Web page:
Charles II (r. 1660-1685) became king when the monarchy was restored in 1660. He had to deal with the Plague and the Great Fire of London. He was the patron of the architect Sir Christopher Wren in the rebuilding of St Paul’s Cathedral. But we’re going to focus on the lighter side – he loved to play tennis. He had special tennis outfits made of Holland (a Dutch linen regarded as one of the finest linens ever produced) along with special tennis shoes. Research by Professor Maria Hayward of the University of Southampton has established that the frames of the tennis racquets that he used were bordered with luxurious lace.

James II (r. 1685-1688) became king when Charles II died without heirs. He attempted to promote the Roman Catholic cause and this made him unpopular with  Parliament and the people. When William of Orange invaded and was supported by the English military he was forced to flee to France.

William and Mary of Orange

Barbara Bailey X stitch Wiliam and Mary

William III (1689-1702) & Mary II (1689-1694) 

Mary is recorded as being very attractive in contrast to her husband William III who was reported as being short and stout. She died of smallpox in 1694. William died from complications following a fall from his horse Sorrel which had stumbled into a mole’s burrow.

The more I research the royal history in this design the more I appreciate the thought and wit that’s gone into it. The designer has managed to pull off a balance between the often harsh reality of history and the more light hearted moments.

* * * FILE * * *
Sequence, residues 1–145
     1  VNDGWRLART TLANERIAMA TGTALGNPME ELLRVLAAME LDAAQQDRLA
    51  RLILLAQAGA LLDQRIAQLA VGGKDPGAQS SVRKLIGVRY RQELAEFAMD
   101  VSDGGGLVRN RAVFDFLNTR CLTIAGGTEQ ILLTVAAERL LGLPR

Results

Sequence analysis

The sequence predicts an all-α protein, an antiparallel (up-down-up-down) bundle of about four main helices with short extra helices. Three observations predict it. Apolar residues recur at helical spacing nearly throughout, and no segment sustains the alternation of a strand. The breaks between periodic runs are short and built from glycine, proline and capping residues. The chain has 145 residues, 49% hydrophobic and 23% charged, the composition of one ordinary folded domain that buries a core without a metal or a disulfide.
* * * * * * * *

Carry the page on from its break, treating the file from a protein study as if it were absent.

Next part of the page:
Hope you have a great week!

 

Royal History in Cross Stitch

A couple of weeks ago Barbara Bailey brought in this large cross stitch to be photographed for the Members Gallery.

Cross Stitch of British Kings and Queens by Barbara Bailey

I’m in awe of people who can do complex counted cross stitch pieces with this level of precision and skill.

Barbara’s piece is called Kings and Queens of England since 1066  and is a kit by Bothy Threads. It immediately caused a stir of interest with its droll take on the Kings and Queens of England. Some of the monarchs are well known and others more obscure. Each is shown with a particular motif and it was this feature that intrigued people. We were all trying to work out what they meant and this gave me the idea for this blog post.